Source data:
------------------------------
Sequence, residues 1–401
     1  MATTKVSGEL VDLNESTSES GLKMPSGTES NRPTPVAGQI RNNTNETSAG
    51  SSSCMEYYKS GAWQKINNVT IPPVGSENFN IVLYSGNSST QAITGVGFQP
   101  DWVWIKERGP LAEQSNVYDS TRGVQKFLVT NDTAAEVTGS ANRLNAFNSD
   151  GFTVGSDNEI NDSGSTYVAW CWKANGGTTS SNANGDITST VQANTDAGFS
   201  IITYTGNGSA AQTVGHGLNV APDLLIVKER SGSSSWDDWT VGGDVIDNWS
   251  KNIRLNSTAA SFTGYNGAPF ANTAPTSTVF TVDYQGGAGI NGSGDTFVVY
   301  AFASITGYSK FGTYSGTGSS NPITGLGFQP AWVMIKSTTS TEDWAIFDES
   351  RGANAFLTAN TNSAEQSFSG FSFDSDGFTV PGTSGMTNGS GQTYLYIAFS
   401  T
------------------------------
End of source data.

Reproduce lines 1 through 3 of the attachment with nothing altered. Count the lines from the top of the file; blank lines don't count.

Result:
Sequence, residues 1–401
     1  MATTKVSGEL VDLNESTSES GLKMPSGTES NRPTPVAGQI RNNTNETSAG
    51  SSSCMEYYKS GAWQKINNVT IPPVGSENFN IVLYSGNSST QAITGVGFQP